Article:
There is also a new premium economy service on the route featuring 24 seats with greater recline and a larger seat (compared to economy class) plus premium cuisine, complimentary wine and spirits, USB ports for charging and a next generation entertainment system.

    Kerrie Mather, CEO and Managing Director of Sydney Airport, praised the strong relationship between Air Canada and the airport, noting the Vancouver-Sydney route had been running for almost 16 years. She remarked that Canada was one of Sydney’s largest and fastest growing markets, with over 110,000 Australians visiting Canada in 2015.

    She also discussed the ‘economic engine’ that is Sydney Airport. Over 40 million passengers a year pass through its terminals, connecting on to more than 90 international, domestic and regional destinations. “The airport contributes $30.8 billion in economic activity a year, equivalent to 6.4 per cent of the NSW economy. A major employer for the state, Sydney Airport generates more than 300,000 jobs in NSW with 29,000 jobs at the airport itself,” she said.

    The airport is currently undergoing more improvement projects than at any time since the 2000 Olympics. More than 150 projects and $1.3 billion will be spent on services and facilities over the next five years to improve the customer experience.

    The latest phase of the improvements program in T1, the international terminal, includes enhancements to gate lounges, immigration and security areas, new navigational signage, and upgraded food and beverage areas with a Marketplace teeming with street food style fare and a City View precinct premium dining hub featuring a variety of restaurants.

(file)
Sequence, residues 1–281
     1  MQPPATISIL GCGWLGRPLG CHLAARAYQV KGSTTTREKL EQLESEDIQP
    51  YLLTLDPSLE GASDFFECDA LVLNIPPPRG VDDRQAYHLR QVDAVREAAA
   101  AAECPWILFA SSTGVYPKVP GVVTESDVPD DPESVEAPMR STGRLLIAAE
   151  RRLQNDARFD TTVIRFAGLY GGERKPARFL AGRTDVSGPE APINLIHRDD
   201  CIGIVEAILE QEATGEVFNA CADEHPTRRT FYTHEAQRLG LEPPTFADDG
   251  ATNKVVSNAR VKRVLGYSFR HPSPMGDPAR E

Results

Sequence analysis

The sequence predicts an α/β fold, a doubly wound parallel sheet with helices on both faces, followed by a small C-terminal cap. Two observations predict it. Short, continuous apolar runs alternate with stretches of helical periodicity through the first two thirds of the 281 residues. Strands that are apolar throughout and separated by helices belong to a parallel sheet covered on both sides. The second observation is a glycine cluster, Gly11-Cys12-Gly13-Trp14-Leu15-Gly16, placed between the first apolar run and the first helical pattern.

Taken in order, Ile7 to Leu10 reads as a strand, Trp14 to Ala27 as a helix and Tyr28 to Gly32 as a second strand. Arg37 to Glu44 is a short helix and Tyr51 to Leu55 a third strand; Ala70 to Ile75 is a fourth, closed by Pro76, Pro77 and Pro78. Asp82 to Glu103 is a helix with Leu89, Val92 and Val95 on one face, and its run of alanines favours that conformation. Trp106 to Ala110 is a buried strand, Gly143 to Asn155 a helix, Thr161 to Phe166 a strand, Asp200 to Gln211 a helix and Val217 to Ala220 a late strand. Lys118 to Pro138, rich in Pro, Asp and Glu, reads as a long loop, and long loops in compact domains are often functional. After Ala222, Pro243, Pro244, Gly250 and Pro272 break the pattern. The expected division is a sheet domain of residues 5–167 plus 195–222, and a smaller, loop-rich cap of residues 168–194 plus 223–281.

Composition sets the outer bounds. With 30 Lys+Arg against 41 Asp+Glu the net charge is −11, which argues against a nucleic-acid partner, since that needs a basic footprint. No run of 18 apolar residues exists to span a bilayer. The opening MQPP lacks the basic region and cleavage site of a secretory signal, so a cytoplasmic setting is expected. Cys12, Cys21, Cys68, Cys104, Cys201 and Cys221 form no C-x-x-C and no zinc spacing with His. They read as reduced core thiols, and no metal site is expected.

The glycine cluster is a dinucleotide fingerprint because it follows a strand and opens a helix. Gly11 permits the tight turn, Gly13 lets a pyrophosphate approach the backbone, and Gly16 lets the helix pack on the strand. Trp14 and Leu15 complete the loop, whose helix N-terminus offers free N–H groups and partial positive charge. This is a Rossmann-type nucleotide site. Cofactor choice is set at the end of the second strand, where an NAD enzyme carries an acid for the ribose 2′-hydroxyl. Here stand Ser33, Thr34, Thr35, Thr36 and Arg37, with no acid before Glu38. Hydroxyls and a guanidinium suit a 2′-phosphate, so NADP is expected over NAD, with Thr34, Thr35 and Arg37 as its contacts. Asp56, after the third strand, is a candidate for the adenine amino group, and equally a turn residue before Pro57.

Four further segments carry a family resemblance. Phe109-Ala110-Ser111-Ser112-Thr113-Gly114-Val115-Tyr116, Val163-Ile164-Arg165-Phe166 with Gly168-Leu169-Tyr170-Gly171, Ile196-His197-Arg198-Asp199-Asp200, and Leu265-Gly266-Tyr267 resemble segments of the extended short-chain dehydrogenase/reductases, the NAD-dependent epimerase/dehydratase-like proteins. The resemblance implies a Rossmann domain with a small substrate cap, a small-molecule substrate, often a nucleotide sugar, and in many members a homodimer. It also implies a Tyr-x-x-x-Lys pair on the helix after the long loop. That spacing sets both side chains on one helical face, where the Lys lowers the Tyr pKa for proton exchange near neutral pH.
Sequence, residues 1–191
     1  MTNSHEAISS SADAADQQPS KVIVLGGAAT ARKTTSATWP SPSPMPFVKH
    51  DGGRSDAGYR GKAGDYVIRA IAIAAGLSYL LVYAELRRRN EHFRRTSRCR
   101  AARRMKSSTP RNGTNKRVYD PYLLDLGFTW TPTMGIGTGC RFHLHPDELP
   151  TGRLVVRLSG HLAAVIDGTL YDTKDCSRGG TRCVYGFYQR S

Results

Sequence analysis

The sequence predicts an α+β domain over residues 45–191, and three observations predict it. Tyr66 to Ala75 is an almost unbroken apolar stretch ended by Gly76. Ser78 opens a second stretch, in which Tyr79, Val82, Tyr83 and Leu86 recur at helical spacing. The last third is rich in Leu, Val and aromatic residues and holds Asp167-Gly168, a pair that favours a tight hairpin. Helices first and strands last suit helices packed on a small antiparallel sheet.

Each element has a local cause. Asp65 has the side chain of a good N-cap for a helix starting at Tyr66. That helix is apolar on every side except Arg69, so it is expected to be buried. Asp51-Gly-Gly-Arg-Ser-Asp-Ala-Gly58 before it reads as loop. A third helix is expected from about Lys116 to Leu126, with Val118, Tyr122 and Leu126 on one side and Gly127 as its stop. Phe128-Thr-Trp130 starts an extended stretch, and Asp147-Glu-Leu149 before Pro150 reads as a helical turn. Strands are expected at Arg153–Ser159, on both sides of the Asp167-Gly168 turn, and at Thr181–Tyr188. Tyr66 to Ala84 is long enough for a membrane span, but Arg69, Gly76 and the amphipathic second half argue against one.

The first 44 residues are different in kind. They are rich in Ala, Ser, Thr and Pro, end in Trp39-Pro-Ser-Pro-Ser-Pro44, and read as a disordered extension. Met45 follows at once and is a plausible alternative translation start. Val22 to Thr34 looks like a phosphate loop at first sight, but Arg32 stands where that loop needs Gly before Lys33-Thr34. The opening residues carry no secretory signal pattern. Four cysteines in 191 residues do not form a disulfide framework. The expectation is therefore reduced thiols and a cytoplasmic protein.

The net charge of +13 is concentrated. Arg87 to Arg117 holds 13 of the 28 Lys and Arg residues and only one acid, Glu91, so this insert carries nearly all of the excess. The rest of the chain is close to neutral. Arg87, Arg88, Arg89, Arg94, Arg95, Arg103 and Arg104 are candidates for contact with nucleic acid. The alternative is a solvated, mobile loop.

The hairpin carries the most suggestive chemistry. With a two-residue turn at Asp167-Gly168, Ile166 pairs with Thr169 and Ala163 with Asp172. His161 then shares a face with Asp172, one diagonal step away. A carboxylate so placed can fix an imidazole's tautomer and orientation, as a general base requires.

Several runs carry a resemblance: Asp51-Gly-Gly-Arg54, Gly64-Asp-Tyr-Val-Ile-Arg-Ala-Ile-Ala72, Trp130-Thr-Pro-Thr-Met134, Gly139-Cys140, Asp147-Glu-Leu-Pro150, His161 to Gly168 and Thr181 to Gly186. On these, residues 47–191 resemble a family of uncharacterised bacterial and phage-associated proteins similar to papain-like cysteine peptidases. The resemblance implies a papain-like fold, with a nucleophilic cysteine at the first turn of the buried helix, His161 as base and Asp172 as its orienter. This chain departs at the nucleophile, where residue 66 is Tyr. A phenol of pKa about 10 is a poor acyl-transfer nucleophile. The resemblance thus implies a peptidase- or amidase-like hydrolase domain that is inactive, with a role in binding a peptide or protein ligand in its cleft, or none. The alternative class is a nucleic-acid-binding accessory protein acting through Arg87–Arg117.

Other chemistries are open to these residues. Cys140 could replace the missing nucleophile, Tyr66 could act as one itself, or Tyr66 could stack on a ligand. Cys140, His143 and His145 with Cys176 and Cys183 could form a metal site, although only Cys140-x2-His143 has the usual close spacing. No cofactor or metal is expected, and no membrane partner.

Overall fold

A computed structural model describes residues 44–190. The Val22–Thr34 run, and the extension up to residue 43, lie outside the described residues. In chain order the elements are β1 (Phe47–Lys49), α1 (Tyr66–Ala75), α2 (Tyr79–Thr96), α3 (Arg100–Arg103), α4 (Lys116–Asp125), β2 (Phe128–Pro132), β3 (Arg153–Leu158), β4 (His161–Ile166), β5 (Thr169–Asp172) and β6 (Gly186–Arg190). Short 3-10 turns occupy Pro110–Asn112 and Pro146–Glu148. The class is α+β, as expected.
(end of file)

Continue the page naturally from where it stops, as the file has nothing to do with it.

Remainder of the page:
Retail is being revamped with the arrival of several prestige brands like Kate Spade, Tiffany & Co. and Hugo Boss. A new airport hotel is due to open in 2017 and there is also a five-year, $500 million road investment program being undertaken with the NSW Government to improve roadways around the airport to decrease traffic congestion. 

    Mather said staff and partners were aiming for a seamless, world-class airport experience for everyone coming, visiting or leaving Sydney Airport.

    Robert McDougall, Acting Consul-General for Canada, spoke about how the “growing aerial connection between Canada and Australia reinforces and builds on a long-running and wide-ranging economic relationship based on a shared past and common set of values.”

    He reported that bilateral commerce is strong and growing rapidly, driven mainly by strong two-way investment and a growing services exchange.

    Air Canada’s flights from Sydney and Brisbane will particularly support the growing trade in services between the two nations, he said. In 2014, Canadian services exports to Australia totaled roughly A$1.6 billion, an almost 5 per cent increase compared to 2013.

    During the same year, Australian services exports to Canada amounted to A$965 million, up by 2.6 per cent year over year. Australia is Canada’s eighth largest services export partner.

    McDougall said Canadian companies, across many sectors, were flourishing in NSW and many Australian companies were doing well in Canada. Despite the recent resources downturn, there are still strong connections between Queensland and Canada. He also highlighted the growing links between Canadian and Australian universities and several partnerships that are underway.

    He congratulated Air Canada for its continued expansion into Australia and for offering new and improved services. “This move should yield major benefits not only to the company and its passengers of all nationalities, but also to the important relationship between our two prosperous and go-ahead economies.”